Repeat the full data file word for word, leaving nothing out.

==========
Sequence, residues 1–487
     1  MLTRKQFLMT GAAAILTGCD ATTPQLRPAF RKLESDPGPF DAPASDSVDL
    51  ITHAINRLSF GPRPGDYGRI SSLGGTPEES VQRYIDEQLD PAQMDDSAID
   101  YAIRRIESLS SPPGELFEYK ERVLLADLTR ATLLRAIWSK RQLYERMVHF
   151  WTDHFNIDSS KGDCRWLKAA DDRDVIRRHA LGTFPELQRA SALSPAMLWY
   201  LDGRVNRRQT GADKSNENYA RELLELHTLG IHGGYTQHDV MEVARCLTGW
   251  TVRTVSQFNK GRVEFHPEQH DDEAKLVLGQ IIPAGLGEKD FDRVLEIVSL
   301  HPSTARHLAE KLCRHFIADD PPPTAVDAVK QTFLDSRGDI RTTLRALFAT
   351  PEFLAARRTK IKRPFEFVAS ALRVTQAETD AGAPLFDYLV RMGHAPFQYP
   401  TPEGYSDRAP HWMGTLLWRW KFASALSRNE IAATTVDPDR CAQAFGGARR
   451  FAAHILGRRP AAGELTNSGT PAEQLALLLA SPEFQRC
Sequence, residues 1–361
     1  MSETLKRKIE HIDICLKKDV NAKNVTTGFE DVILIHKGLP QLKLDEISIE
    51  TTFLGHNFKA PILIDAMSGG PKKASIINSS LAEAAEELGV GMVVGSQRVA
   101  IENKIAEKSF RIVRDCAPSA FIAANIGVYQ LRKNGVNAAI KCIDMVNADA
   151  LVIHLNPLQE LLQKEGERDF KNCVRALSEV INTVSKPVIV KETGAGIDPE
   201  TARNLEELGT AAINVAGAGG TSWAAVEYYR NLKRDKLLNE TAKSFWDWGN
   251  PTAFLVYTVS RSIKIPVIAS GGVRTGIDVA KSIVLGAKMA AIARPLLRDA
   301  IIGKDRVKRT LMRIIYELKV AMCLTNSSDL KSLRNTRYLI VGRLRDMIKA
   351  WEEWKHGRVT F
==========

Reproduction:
Sequence, residues 1–487
     1  MLTRKQFLMT GAAAILTGCD ATTPQLRPAF RKLESDPGPF DAPASDSVDL
    51  ITHAINRLSF GPRPGDYGRI SSLGGTPEES VQRYIDEQLD PAQMDDSAID
   101  YAIRRIESLS SPPGELFEYK ERVLLADLTR ATLLRAIWSK RQLYERMVHF
   151  WTDHFNIDSS KGDCRWLKAA DDRDVIRRHA LGTFPELQRA SALSPAMLWY
   201  LDGRVNRRQT GADKSNENYA RELLELHTLG IHGGYTQHDV MEVARCLTGW
   251  TVRTVSQFNK GRVEFHPEQH DDEAKLVLGQ IIPAGLGEKD FDRVLEIVSL
   301  HPSTARHLAE KLCRHFIADD PPPTAVDAVK QTFLDSRGDI RTTLRALFAT
   351  PEFLAARRTK IKRPFEFVAS ALRVTQAETD AGAPLFDYLV RMGHAPFQYP
   401  TPEGYSDRAP HWMGTLLWRW KFASALSRNE IAATTVDPDR CAQAFGGARR
   451  FAAHILGRRP AAGELTNSGT PAEQLALLLA SPEFQRC
Sequence, residues 1–361
     1  MSETLKRKIE HIDICLKKDV NAKNVTTGFE DVILIHKGLP QLKLDEISIE
    51  TTFLGHNFKA PILIDAMSGG PKKASIINSS LAEAAEELGV GMVVGSQRVA
   101  IENKIAEKSF RIVRDCAPSA FIAANIGVYQ LRKNGVNAAI KCIDMVNADA
   151  LVIHLNPLQE LLQKEGERDF KNCVRALSEV INTVSKPVIV KETGAGIDPE
   201  TARNLEELGT AAINVAGAGG TSWAAVEYYR NLKRDKLLNE TAKSFWDWGN
   251  PTAFLVYTVS RSIKIPVIAS GGVRTGIDVA KSIVLGAKMA AIARPLLRDA
   301  IIGKDRVKRT LMRIIYELKV AMCLTNSSDL KSLRNTRYLI VGRLRDMIKA
   351  WEEWKHGRVT F